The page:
“Screens have given us access to more information, resources and inspiration than we’ve had in any other time in human history. They entertain us, educate us and connect us. They help us develop fine motor skills, research skills, communication skills…”
“WAAAAIIIIT A SECOND. No. Screens have created a platform for sharing lives that are so curated they’re completely impossible to attain. They force us to compare and reflect negatively on our own lives. They’re making us more sedentary than we’ve ever been. They might be connecting us with people, but it’s usually at the expense of those standing in the same room as us.”
“Nope, you’re wrong, they’ve made us more social than ever. And they’re inspiring us to dream and create big.”
“No they’re not, they’re dulling our creativity.”
On and on the screen time debate rages, with both sides making completely valid points.
And that’s why, as a parent, I won’t be joining it.
See, we usually talk about children and screens in terms of how much time they should be spending on devices each day. How long they should have on certain games or apps. How long this age should be allowed to spend on them compared to that age. How long our timer will run before the buzzer goes off and we take the screen away again.
But this is entirely the wrong conversation to be having.
What we should be talking about is when they should have access to devices (because it will happen eventually, but probably shouldn’t yet), and what we need to do to make sure they’re ready for them (because they’re probably not).
Think of screen time like handing over the keys to a car.
We know that operating a vehicle is a serious responsibility. If we make poor choices (like driving while we’re tired, or not sober, or while we’re texting on our phone) it can be disastrous. For us, for the people we love, and even for complete strangers.
We understand that a level of maturity is needed before we get behind the wheel. Not just physically, to operate the thing, but the awareness to do it safely. To truly understand what we’re stepping into, and the potential outcomes and consequences – good and bad – of the time we spend there.
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Believe it or not, like it or not, a mobile device carries the same sort of weight. Our actions while operating one can impact our lives in a big way. They can impact the lives of our loved ones. They can even impact the lives of complete strangers.
We might spiral toward a cripplingly low level of self-confidence after endlessly scrolling past unattainable lives in our Instagram feed (that we think we curate and own, but is actually completely controlled by powerful algorithms and advertising engines).
We might secretly use our parent’s credit card to buy V-bucks or Robux so we can grab the coolest items in the game everyone’s playing right now (which we think we’ll do just this once, but will find almost impossible to resist doing again because it was built by a team of very smart people whose entire job is to make sure you can’t stop thinking about it).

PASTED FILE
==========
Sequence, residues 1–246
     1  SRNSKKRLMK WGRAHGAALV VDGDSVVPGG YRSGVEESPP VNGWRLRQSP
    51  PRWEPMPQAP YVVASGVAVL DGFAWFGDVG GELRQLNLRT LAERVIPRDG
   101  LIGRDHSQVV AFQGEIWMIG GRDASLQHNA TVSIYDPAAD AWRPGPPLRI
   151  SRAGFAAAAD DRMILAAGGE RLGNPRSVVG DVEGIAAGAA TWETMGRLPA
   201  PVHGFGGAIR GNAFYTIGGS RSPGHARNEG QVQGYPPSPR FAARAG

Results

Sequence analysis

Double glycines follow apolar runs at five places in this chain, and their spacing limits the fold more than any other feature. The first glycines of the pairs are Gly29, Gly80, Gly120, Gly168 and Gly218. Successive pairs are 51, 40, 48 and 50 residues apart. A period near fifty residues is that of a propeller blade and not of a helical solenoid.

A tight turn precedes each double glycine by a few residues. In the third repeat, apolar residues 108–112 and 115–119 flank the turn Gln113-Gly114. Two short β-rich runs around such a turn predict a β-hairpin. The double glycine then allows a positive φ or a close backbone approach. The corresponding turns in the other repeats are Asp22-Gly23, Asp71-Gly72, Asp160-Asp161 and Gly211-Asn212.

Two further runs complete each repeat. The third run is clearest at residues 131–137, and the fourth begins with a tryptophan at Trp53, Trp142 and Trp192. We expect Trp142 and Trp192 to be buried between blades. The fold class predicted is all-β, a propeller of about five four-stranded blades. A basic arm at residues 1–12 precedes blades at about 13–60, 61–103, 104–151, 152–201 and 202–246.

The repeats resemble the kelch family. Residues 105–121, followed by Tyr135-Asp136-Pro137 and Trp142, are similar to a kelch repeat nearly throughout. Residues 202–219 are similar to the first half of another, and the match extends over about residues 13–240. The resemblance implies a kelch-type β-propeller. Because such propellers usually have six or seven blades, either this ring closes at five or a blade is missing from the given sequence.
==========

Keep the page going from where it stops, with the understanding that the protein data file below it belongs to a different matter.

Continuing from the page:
We might cause someone to carry social stigma, recurring nightmares and severe anxiety for the rest of their life after sending on a video of them to our friends (that everyone else was already sharing, anyway, but that should never have been seen by anyone, ever).
We don’t hand a twelve year old child the keys to a car and say ‘just pull over soon, please – I don’t want you spending too much time driving’. Yet here we are dishing out iPads and iPhones hand over fist. As parents we’re great at setting arbitrary time limits, but not so good at education, preparation or involvement.
You can develop a resistance to all this, of course. You can play games without buying into the monetisation engines. And you can continually refine your social media feeds to keep them as close as possible to real life. And you can tone down your notification settings so you’re not roped in when you don’t want to be. And you can develop an awareness of spam, scams, and fake news. And you can choose not to buy the products that are continually put in front of your face with increasingly uncanny timing and accuracy.
You can take the good of what these devices have to offer, and not get sucked in so deep that you have almost no control over the time you spend there, the content you consume, and often even where your money goes.
But tell me, as an adult, can you do all that?
Put a child or teenager up against a Youtube suggestion algorithm, or a Fortnite or Roblox monetisation engine, or an endless Instagram or TikTok feed, or sophisticated ad retargeting, and I can promise you it’s not going to be a fair fight.
Hold the keys back a little bit longer. Take the age you were thinking of buying them a phone at, and increase it right now. Do it out of love. And when you do get there, rather than debating how long they should be sitting on these devices, spend some time and energy getting in there with them instead. Learn about the world behind the screens you’re handing over. Understand how they work, and why they work that way. Empower them with the skills, awareness and confidence they need to control their own online journey.
Don’t leave their experience to chance, because if you pull back the curtains on the digital world you’ll find that concept doesn’t actually exist there.
Prepare them – for the good, and for the bad.
They will fight you now. But they will thank you later.